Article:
The recent cover photo of TIME Magazine depicting a mother breastfeeding her almost four-year-old son has caused quite the stir all over America (and has been covered in the news in other countries as well). As part of the parenting style “attachment parenting”, a number of women depicted in the magazine have chosen to breastfeed their children longer than most other women in America (and in the rest of the Western world). Breastfeeding has long been a controversial topic in America as some women choose not to breast-feed at all, while others choose to do so for six months, one year, or much longer than that.
What we will be doing is to shortly discuss the benefits of breastfeeding, for both the mother and the child. We will then discuss why we believe this story received so much attention, focusing on the sexualization of women and the supposed sexualization of the mother-child bond, which was the main concern of some individuals who commented on the story.
Breastfeeding is very beneficial for both mother and child. It creates a connection between the two and has health benefits for both people involved. Breast milk strengthens the child’s immune system and promotes growth and well being (among other things). For the mother, breast-feeding can positively impact the levels of hormones in the body and result in less chance of developing breast cancer. In fact, the only real drawbacks of breastfeeding are that most women cannot further reproduce while breast-feeding (although exceptions certainly exists, such as when women are well fed). Secondly, women who face a lack of resources might have to stop breastfeeding in order to preserve energy (Trevathan 2010).
In the US, only a small number of women breastfeed their one year olds. The reasons for this are plenty. Some women do not want to breastfeed (but prefer using formula or pumping), while others are not able to breastfeed for various reasons. Often, the attitudes towards breastfeeding are culturally dependent. We believe that the article in TIME Magazine received so much criticism because it was produced in a Western country. In many non-Western countries women breast-feed their children longer, while breastfeeding older children is considered natural (Trevathan 2010).
We believe that some of the adverse reactions to the article stem from the notion of sexualization of women’s bodies and the sexualization of the mother-child bond.
The woman on the TIME Magazine cover, Jamie Lynne Grumet states in an interview that some opponents of her attachment parenting style believed that she was engaging in child molestation, and that the CPS should intervene. These comments infer a sexualized relationship between the mother and the child. Women’s bodies and very much so women’s breasts are highly sexualized in our culture, and are viewed as a source of erotic and sexual pleasure, especially so for men. Grumet states that breasts are mammary glands, designed for breastfeeding a child and that there is nothing sexual about breastfeeding. Since the sexualization of women’s bodies (and breasts) is so pervasive in Western culture, many of those who believe that breastfeeding an older child is too intimate or too sexual perhaps view breasts as sexualized pleasure points rather than providing nutrition to children. We believe that the implied sexualized bond between mother and child contributes to the belief that breast-feeding an older child is viewed as inappropriate.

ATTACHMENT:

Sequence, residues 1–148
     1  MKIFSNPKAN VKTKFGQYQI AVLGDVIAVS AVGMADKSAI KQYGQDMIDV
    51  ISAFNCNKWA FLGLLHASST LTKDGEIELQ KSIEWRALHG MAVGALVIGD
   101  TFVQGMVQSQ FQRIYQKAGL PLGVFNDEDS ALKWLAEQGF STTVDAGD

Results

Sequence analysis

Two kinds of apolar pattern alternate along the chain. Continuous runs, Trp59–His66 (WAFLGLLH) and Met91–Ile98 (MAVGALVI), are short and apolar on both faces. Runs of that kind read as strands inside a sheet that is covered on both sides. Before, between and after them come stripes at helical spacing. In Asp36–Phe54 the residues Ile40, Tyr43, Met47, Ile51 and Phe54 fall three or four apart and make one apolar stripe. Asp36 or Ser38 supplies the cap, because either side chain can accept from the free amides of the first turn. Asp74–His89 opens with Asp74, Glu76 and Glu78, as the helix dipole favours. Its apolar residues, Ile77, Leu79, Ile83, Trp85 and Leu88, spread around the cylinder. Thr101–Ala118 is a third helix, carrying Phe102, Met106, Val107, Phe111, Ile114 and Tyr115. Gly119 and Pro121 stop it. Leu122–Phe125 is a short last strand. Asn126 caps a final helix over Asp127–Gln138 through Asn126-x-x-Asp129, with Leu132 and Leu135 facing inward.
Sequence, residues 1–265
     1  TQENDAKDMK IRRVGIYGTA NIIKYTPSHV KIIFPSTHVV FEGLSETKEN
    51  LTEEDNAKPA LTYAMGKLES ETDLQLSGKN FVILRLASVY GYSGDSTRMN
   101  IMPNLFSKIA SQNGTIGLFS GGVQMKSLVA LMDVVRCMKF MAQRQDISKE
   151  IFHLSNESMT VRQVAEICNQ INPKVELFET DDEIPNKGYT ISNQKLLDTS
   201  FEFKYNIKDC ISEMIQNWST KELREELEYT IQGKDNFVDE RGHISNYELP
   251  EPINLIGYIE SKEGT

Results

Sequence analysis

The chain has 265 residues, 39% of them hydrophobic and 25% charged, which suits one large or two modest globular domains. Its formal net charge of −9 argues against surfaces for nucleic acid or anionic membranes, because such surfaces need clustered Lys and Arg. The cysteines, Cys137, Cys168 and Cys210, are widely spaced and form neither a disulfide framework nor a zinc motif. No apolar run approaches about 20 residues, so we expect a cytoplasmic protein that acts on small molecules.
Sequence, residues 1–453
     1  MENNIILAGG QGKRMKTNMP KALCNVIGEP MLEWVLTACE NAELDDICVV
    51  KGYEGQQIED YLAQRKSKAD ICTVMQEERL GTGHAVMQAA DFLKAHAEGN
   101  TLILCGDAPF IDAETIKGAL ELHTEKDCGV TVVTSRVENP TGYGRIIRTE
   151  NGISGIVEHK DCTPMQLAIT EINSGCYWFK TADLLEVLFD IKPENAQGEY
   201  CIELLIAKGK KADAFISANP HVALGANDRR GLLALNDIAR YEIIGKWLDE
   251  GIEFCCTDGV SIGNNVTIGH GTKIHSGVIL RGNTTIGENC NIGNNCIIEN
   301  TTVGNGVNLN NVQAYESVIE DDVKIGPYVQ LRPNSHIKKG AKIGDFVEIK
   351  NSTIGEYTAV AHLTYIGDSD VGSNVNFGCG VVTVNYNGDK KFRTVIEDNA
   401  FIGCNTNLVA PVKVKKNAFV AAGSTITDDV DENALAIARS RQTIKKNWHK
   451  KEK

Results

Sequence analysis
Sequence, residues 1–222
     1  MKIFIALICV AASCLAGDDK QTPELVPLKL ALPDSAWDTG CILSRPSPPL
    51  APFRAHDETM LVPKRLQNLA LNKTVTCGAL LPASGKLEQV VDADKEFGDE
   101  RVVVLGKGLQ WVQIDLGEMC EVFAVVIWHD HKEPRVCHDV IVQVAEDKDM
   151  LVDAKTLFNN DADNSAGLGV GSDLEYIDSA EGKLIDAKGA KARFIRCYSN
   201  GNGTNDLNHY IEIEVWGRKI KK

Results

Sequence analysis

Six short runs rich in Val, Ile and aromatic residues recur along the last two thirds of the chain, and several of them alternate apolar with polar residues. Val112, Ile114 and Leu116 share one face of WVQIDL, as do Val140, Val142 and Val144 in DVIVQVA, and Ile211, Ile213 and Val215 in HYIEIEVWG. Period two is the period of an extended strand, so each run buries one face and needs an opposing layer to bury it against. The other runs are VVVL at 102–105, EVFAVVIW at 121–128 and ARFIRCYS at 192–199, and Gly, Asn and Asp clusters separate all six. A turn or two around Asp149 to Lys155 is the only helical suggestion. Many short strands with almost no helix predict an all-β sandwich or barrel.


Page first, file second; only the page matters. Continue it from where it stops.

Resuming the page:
As women in Western culture are often viewed as sexual objects (existing much for male pleasure) mothers are viewed as the exact opposite, much like the Madonna (mothers)/Whore (sexual objects) dichotomy. The mother thereby is supposedly asexual while the sexual object is highly sexualized (often inferred as such by the “male gaze”). The love and bond between the mother and child appears to be compared to the intimate and sexual love and attraction between a heterosexual couple (with heterosexuality being portrayed as the norm and most appropriate form of love). Therefore, the physical act of breastfeeding becomes sexualized.
Another example of the suggested sexualization of mother-child bond could be seen in pictures taken of the former model Stephanie Seymour as her and her son embraced and kissed while on vacation. Seymour received much criticism as the relationship between her and her son was questioned and referred to as too intimate.
How long, or if at all, a woman decides to breastfeed is up to her and either decision should be respected. If we stopped viewing women’s bodies’ and breasts as a place of pleasure for adult men, to be of use only in heterosexual love relationships, perhaps the sexualized bond between mother and child would not be the main focus. What we find worrying is the inferred sexual bond between mother and child, along with the sexualization of women’s bodies. Women should be able to choose, and neither choice should be criticized as “poor mothering”. We need to be more accepting of women’s choices when it comes to child rearing, because they try to do what works for them and their child. There is a constant policing of mothers (very much so from the media and the overall society) where mothers are expected do be perfect, while they can never live up to the impossible expectations placed on them.
Trevathan, Wenda (2010). Ancient Bodies, Modern Lives: How Evolution Has Shaped Women’s Health. New York: Oxford University Press.